President Hamid Karzai has criticized NATO for failing to bring stability to Afghanistan in over a decade there. He is also in no hurry to sign a security agreement with the US, stating, "If the agreement doesn't suit us then of course they can leave. The agreement has to suit Afghanistan's interests and purposes."
President Hamid Karzai has criticised Nato for failing to bring stability to Afghanistan in over a decade there. "On the security front the entire Nato exercise was one that caused Afghanistan a lot of suffering, a lot of loss of life, and no gains because the country is not secure," he said.
Facebook and Yahoo have joined Microsoft and Google in asking the Federal Intelligence Surveillance Court for permission to tell the public about personal information they give to spy agencies.
The big four companies are responding to persistent reports that spy agencies are using them to grab users’ personal information.
In the FISA court filings, Microsoft, Facebook, Yahoo and Google say their reputations have been damaged. They say only a small part of Internet traffic is being handed to spy agencies, and they want to give the public information to correct the record.
The Justice Department says it can’t allow that for national security reasons.
The companies say that gag order violates their free-speech rights. Microsoft and Google are asking the FISA court to allow oral arguments so that they can argue their case in public.
Reports from the New York Times, the Guardian and ProPublica cast light on how spy agencies are obtaining private data. The news organizations say the US National Security Agency is using covert partnerships with technology companies to weaken encryption software.
President Obama is set to hold a news conference at the White House on Friday at noon P.T. — his first such formal give-and-take with the press corps since "NSA leaker" Edward Snowden started spilling secrets about National Security Agency surveillance programs in June.
The vision of the Department of Homeland Security is to "ensure a homeland that is safe, secure and resilient against terrorism and other hazards." That's according to the mission statement on the Department of Homeland Security’s website.
Last month the Secretary of Homeland Security Janet Napalitano resigned to take on the job of running California’s university system. There are now 15 vacant positions at the top of the department, a department that casts a wide net. Sure, you may think of anti-terror units when you think of homeland security but DHS combined 22 different federal departments when it was established in 2002. Ross Reynolds talks with author and fellow at the Center for Global Development Charles Kenny about why he thinks it is time to abolish the DHS.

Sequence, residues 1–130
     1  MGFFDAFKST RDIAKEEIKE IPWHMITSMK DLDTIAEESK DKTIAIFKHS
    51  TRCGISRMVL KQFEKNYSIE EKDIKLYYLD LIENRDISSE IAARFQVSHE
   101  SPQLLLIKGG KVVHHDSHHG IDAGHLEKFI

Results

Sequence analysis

Originally published on Fri April 12, 2013 4:13 am
The Pentagon's intelligence arm has "moderate confidence" that North Korea may have developed the technology to create nuclear weapons that are small enough to fit on a long-range missile.
NPR's Larry Abramson filed this report for our Newscast unit:
"The Defense Intelligence Agency assessment says such a weapon would probably not be very reliable. This is the first time the U.S. has concluded that Pyongyang's nuclear efforts have reached this point.
One Sunday evening nearly a decade after the September 11 attacks, President Obama spoke from the White House to tell the world that the United States had carried out an operation that killed Osama bin Laden. The work to locate bin Laden took years, and ultimately led to a walled compound in Abbottabad, Pakistan. Mark Bowden is a national correspondent for The Atlantic magazine, contributing editor to Vanity Fair and author of "Black Hawk Down." He joins us to talk about "The Finish: The Killing of Osama Bin Laden," his insider account of the hunt for America’s most-wanted enemy.